I consider myself a Jiu-Jitsu scientist, psychologist, practitioner AND “theorist.” I like to investigate the mental as well as physical aspects that make Jiu-Jitsu functional for MOST human beings.
My idea being that if we investigate how the mind works (because the mind controls the body) in conjunction with proper body movement AND couple it with the emotional tendencies and habits of everyday men and women- how they are AND how they should be, we can produce a higher level of Jiu-Jitsu thinking. This includes the areas of decision making, reaction time, angles, leverage, subconscious thought, willpower, strategy, tactics, body type, learning style, self-esteem,culture, politics, prejudice and attitude.
An example of Jiu-Jitsu “attitude” could be toward “tapping.” Many people obsess over being tapped out. They might have anxiety over going against better people because of it. Some instructors almost make tapping out to be a personal character flaw or weakness if it is done by a student.
Tapping causes mental and emotional pain in many practioners and in some cases the thought of "failing" stops them from progressing smoothly. They fixate on what they “Don’t want.” They feel that somehow if they tap they will be thought less of and have less respect from their peers. They think "I don’t want to tap" so they will do the same old tired moves they know will work and not try new things because the fear of tapping is too great. This is simply HOW IT IS in the mental thought process in many Jiu-Jitsu schools and it unfortunately slows development.
As a Theorist I try to investigate new ways to create a personal “Paradigm Shift” (a new way of thought from an earlier belief system) for myself and my students. In the case of tapping I hold the theory that tapping is a necessary part of training and should in no way be feared or judged by others but should be reveled in as a necessary effect of training. In this case, I’m out to change MY emotional thoughts and feelings on tapping.
As a black belt my training should require that many times I PUT MYSELF in bad positions like the triangle or the arm bar so that I can continuously improve my escapes. If I feared the tap then in no way would I want to subject myself to such craziness. The result is that many times starting out, one is tapped by lower belts but over time escapes become instant and effective and one becomes a better practioner for it. I want to WIN for sure but only thorough proper practice, technique and accepting that sometimes I will not get my desired outcome. In this way I truly become better and get what I desire…the win!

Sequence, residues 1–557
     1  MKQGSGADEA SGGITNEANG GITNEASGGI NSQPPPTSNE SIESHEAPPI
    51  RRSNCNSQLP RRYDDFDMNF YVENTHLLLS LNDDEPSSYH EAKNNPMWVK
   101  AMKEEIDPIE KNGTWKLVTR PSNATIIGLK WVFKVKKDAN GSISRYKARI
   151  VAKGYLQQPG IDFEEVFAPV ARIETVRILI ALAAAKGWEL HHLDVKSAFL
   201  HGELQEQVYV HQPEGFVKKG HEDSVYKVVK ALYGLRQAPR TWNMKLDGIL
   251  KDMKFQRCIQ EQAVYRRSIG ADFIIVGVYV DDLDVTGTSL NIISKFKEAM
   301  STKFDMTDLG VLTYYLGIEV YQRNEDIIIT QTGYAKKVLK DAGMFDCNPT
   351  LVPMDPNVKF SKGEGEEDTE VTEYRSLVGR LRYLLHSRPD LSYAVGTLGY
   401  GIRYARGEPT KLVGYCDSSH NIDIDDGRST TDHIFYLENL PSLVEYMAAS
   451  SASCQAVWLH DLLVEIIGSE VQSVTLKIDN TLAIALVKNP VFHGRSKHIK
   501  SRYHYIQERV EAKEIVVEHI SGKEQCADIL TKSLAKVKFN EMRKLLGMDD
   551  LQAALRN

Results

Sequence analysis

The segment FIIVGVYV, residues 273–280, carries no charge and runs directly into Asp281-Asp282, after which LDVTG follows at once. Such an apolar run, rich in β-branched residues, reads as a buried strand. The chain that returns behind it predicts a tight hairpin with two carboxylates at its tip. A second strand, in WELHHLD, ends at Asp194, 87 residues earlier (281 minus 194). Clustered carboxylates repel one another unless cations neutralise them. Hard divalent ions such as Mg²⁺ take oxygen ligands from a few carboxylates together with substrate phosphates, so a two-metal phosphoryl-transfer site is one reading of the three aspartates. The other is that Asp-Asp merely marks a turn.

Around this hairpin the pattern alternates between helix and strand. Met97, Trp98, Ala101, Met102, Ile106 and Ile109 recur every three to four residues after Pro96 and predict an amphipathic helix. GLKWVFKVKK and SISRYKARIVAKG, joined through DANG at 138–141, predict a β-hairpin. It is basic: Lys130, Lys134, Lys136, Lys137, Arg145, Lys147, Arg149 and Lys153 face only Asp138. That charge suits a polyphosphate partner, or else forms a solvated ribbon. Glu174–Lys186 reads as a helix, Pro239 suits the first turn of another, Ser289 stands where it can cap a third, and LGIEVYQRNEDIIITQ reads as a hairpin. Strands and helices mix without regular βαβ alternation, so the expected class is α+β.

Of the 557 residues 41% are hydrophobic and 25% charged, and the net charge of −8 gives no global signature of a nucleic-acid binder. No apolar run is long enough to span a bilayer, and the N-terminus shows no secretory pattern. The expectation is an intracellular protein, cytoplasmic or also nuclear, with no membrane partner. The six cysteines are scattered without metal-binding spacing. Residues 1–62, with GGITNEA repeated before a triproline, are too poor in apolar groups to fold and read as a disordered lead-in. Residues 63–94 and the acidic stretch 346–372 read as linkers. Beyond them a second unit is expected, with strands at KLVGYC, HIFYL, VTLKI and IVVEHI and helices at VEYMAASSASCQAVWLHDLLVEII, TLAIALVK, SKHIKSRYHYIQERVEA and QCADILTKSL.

The name of this article is “I am Wrong about Tapping.” The reason I named it that is because as a theorist I always assume I am wrong about everything.
This affords me the luxury of not getting my ego involved in trying to justify and protect my position on subjects and allows me to accept new theories that are potentially better. I look at many new ideas without prejudice and examine them logically to see if they are better than the way I’m doing it now.
My three measuring parameters are: Is it safe, is it simple (number of moves involved using proper technique) and can MOST people do it regardless of body type? If the technique or idea doesn’t fit into MY measuring points I typically abandon them BUT many times I simply shelve them until I'm at a more mature point in my training and then re-evaluate. Because I'm wrong a lot.
I also split parameters up into genre. Self-Defense, tournament, Gi, No-Gi and MMA when looking at techniques and ideas. Not everyone focuses on Gi self-defense like I do but I want to know EVERYTHING about Jiu-Jitsu so I categorize my ideas to the genre that I believe they are most effective in.
I often find too that the established ways are STILL THE BEST WAYS but little tweaks of technique make them more efficient…In effect creating significant progress. I will also always give you a reason as to WHY this should be done a certain way as well. Believe it or not I actually use my brain and think about it before teaching it.
Innovation is highly prized in my school. I encourage my students to test, try, theorize and investigate at higher levels but they must first have a basis from which to start from. This is why basics are so important for beginning practioners. You can’t innovate without proper foundation!
The last thing I would like to emphasize is that we all stand on the shoulders of giants. We MUST learn from others research and then add our own contributions if possible. We can't know everything. This why I try to give credit where credit is due. Great minds help other great minds and people should know they have affected my thinking with their contribution. You weren't born knowing Jiu-Jitsu, you learned it from someone else.
There is still so much more of Jiu-Jitsu to be discovered. Are you an innovator or will you simply be doomed to mindlessly repeat the same material for the next 40 years without truly looking for a more efficient and better way to express your Jiu-Jitsu?
It’s up to you.
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